Everest Overcrowding Could Be Fatal This Weekend

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An estimated 200 mountaineers will attempt the summit of Mt. Everest today and Saturday. But veteran climbers fear overcrowding will create treacherous circumstances that could lead to more deaths.

The warning comes one week after four climbers died on the world's tallest peak.  They died as more than 200 climbers surged toward the top, creating delays that proved lethal as people suffered prolonged exposure to the extreme conditions. They died of altitude sickness and exhaustion and it was one of the deadliest days on the mountain.

Veteran American climber Jon Kedrowski, 33, will make his attempt this week after deciding to forgo the summit last weekend in order to help others who were struggling to survive.

Pemba Dorje Sherpa, who holds the eight-year record for the fastest ascent of Everest, told the AFP, "Two hundred people climbing the mountain is too many for one weekend. Twenty-five to 30 a day is okay, but 200 is too many."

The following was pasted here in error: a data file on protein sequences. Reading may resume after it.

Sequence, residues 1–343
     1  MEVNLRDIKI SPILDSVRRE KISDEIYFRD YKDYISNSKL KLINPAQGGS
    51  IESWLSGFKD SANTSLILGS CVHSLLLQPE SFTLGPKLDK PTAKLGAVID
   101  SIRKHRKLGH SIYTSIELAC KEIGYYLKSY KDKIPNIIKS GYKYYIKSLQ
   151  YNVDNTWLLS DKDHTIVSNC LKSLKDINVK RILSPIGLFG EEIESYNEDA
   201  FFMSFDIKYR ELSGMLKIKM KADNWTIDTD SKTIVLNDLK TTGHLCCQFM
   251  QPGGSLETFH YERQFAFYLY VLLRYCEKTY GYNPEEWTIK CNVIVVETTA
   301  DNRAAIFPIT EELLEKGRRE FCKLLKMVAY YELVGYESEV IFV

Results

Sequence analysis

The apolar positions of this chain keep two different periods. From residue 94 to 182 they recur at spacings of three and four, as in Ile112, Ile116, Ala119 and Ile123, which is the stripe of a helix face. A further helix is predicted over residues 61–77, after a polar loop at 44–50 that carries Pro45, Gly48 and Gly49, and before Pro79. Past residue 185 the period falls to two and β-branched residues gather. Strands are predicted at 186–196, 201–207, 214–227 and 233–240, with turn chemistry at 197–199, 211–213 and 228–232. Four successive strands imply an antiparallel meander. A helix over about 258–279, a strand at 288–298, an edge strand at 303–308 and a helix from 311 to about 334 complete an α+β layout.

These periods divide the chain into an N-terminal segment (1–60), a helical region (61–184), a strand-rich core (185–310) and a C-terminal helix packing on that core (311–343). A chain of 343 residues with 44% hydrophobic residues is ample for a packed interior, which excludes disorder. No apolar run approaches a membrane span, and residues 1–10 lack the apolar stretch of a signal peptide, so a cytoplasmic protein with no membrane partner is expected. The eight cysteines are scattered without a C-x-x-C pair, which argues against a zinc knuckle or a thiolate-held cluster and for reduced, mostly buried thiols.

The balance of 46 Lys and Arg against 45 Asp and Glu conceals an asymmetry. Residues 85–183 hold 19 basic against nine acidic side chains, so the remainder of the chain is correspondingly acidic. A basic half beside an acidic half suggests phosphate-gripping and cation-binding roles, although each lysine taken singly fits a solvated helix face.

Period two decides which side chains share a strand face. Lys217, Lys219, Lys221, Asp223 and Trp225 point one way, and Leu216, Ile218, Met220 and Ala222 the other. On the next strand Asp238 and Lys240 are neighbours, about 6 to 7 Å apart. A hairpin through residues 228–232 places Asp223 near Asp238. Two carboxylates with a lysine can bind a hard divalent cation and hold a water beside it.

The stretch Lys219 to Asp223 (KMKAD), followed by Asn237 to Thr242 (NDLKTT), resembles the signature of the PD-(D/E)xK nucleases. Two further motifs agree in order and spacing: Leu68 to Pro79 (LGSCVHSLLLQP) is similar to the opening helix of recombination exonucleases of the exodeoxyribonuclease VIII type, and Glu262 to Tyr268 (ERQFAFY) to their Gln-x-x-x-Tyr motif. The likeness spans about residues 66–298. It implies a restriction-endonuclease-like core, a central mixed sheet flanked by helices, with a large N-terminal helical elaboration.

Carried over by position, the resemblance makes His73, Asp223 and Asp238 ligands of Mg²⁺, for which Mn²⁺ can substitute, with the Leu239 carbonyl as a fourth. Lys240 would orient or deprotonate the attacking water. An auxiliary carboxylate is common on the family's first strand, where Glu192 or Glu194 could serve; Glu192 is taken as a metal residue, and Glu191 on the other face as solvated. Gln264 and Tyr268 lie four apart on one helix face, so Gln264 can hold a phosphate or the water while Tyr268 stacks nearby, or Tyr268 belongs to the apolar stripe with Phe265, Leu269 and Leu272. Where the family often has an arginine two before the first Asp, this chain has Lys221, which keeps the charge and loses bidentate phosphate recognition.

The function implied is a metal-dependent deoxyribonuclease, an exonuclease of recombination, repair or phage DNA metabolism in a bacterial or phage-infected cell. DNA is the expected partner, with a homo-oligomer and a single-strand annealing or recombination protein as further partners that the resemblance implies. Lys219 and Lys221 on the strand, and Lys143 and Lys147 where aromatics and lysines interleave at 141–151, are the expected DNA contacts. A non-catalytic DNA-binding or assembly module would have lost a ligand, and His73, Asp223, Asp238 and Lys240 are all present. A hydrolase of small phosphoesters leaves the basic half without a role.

This weekend could be the last window for a successful summit attempt. Bottlenecking leads to unanticipated wait time as oxygen runs out and frostbite sets in. But clients pay between $35,000 and $50,000 for the chance to climb Everest. The mountain is a massive money maker for the government in Nepal and officials in Kathmandu are downplaying concerns, saying they will not put a limit on the number of clients that pay to go.

More than 220 climbers have died on Everest, half of those in the last 20 years when climbing Everest has exploded as a commercial pursuit.

"It's sad that the mountain and the Sherpa people are so exploited just for bragging rights," said Peggy Luce, the second American woman to climb Everest. "Many people are there for the wrong reason. They are not climbing because they love the sport. They are there because they want to be able to say they climbed Mt. Everest."

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